New publication: Advancing Research Methods with New Technologies, edited by Natalie Sappleton, published in 2013 with IGI Global

http://www.igi-global.com/book/advancing-research-methods-new-technologies/72357

Advancing Research Methods with New Technologies examines the applicability and usefulness of new technologies, as well as the pitfalls of these methods in academic research practices. This book serves as a practical guide for designing and conduction research projects for scientists all of disciplines ranging from graduate students to professors and practitioners. Advancing digital technologies continue to shape all aspects of our society, with particular impact on the professional research community. These new and exciting developments offer considerable advantages in terms of speed, access connectivity, and economy.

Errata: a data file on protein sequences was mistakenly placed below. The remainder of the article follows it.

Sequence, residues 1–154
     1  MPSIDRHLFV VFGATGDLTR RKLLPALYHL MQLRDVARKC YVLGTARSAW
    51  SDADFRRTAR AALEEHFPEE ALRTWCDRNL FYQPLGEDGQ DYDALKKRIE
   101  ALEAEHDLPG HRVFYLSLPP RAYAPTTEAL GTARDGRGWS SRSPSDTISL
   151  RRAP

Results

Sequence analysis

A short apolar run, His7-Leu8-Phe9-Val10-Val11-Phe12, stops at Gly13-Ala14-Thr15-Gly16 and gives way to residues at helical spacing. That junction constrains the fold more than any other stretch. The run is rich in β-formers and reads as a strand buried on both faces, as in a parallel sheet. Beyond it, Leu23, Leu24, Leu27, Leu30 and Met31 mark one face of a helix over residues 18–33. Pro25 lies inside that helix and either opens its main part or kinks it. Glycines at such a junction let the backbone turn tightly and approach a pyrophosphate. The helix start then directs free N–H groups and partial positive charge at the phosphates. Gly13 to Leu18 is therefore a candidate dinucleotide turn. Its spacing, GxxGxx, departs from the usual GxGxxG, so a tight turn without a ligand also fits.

One chapter is Measuring Wages Worldwide: Exploring the Potentials and Constraints of Volunteer Web Surveys, written by  Stephanie Steinmetz (University of Amsterdam, The Netherlands), Damian Raess (University of Geneva, Switzerland), Kea Tijdens (University of Amsterdam, The Netherlands) and Pablo de Pedraza (University of Salamanca, Spain). This chapter discusses the potentials and constraints of using a volunteer Web survey as a worldwide data collection tool for wages. It provides a detailed description of the bias related to individual-level wages and core socio-demographic and employment-related variables across selected developed and developing countries and evaluates the efficiency of post-stratification weights in adjusting these biases. The results confirm that Web samples are particularly attractive to younger persons, part-timers, and persons working in non-manual occupations. This can be observed across countries, although the strength of the bias differs between them. With respect to the efficiency of post-stratification weights, the results are inconclusive. Whereas it is advisable to implement weights for descriptive purposes of socio-demographic variables, the contrary holds in case of wages. Additionally, weights can have the opposite effect by (moderately) increasing the difference in the estimated parameters between the reference and the Web sample.